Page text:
Sunday, August 31, 2008


On the 10th of September 2008, I will have been practicing Parkour for five years. It seems like just yesterday I watched Jump London and I can still remember my first training session the day after. It is as fresh in my mind today as it was back then and I can almost smell the freshly cut grass that I dropped and rolled on to from the roof of a gymnastics club near my house...

It had taken seventeen years for me to find something that finally ticked all of my boxes. At the time I had been practicing shotokan karate for four years and although I did enjoy it, there was always something missing - I would go to the classes because I felt like I had to become stronger and learn how to look after myself and the people I cared about... but couldn't help feeling unsatisfied. Competition never interested me, scoring points was not important and katas seemed redundant. I'm very thankful for everything I was taught by Mr Weatherby, my sensei and teacher, but I don't think karate was my calling.

In Parkour I had found something that looked so fresh and exciting, something that was entirely non-competitive, an activity that was so simple to begin, but impossible to perfect... something that would challenge me but give me a freedom that martial arts could not.
I think those are the qualities that attract most people to Parkour in the beginning - they see the spectacular jumps, the smooth combinations and the seemingly impossible becoming not just possible, but simple, to these men and women who don't seem too different to themselves.

This honeymoon period is one of excitement, fun and a feeling that they are recapturing a part of their childhood, playing and exploring and meeting some great new friends. But there comes a time, not too long after this honeymoon period where suddenly they realise just what it would take to truly excel in Parkour. Because behind the veil of nice jumps and quiet landings of the more experienced traceurs, is a person who has invested considerable time, dedication and effort to reach the level they are at.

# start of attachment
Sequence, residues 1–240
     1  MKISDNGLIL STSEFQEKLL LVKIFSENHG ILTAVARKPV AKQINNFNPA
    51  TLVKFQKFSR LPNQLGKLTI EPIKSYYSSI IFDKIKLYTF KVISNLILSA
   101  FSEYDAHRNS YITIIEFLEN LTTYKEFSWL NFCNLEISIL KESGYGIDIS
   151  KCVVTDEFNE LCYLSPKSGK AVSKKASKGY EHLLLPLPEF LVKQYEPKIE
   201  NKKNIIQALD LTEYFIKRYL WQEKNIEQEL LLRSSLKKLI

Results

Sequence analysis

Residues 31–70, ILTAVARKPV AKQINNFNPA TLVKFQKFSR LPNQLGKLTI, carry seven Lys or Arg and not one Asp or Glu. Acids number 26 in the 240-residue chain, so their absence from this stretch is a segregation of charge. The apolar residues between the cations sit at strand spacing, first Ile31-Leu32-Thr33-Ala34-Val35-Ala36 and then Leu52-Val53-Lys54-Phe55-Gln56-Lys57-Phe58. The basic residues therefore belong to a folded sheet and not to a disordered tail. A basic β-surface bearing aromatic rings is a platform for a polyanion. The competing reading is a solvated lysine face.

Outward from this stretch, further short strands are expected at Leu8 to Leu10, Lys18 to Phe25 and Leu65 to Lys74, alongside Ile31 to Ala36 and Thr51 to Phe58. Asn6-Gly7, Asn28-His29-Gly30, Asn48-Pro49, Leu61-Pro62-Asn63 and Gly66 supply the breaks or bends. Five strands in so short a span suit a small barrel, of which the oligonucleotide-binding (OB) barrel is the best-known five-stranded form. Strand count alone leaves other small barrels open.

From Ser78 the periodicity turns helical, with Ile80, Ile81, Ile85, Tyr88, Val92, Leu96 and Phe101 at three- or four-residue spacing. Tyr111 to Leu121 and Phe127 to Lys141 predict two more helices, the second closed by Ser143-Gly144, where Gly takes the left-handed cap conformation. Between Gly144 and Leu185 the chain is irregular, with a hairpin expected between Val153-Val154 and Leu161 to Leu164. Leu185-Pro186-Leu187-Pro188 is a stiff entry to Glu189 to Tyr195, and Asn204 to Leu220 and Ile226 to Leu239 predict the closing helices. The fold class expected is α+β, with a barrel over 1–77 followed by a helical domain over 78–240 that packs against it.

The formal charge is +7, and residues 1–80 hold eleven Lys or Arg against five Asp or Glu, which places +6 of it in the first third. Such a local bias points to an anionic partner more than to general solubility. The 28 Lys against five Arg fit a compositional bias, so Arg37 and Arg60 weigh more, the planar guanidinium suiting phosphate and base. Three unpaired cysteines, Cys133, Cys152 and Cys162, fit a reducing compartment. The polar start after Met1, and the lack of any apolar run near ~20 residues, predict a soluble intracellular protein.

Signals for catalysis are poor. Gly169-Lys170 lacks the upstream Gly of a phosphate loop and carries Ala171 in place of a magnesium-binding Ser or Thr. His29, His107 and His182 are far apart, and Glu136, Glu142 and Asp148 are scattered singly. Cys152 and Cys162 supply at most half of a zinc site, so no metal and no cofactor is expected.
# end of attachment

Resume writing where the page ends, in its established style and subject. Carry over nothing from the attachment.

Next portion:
I've seen a lot of people come and go over the years - some have turned up once or twice, others for a month or two and a few for a couple of years, before deciding they didn't want to continue with their training. Parkour is not for everyone, it takes a certain type of person to prevail through the hard times and come out the other end of them, ready for more.

Everyone enjoys that honeymoon period and it lasts for different amounts of time for different people, but afterwards they are all faced with asking themselves if they really want to sacrifice as much as they will have to, to reach a really good level. Although I was attracted to Parkour for the reasons I mentioned earlier, it is not the reason I continued to train, day after day, week after week. My honeymoon period ended and my reason for training changed quite quickly.

Growing up I was a very active child and obsessed with action films, I would watch Schwarzenegger, Van Damme and Jackie Chan films over and over and what was obvious to me was that these guys were the heroes because they were strong and capable of looking after themselves, their families and their friends... they were honorouble and prepared physically for whatever the baddies could throw at them.
That stayed with me as I grew up and I became interested in many different sports, martial arts... anything physical that would help me to become stronger but I didn't really know to what end.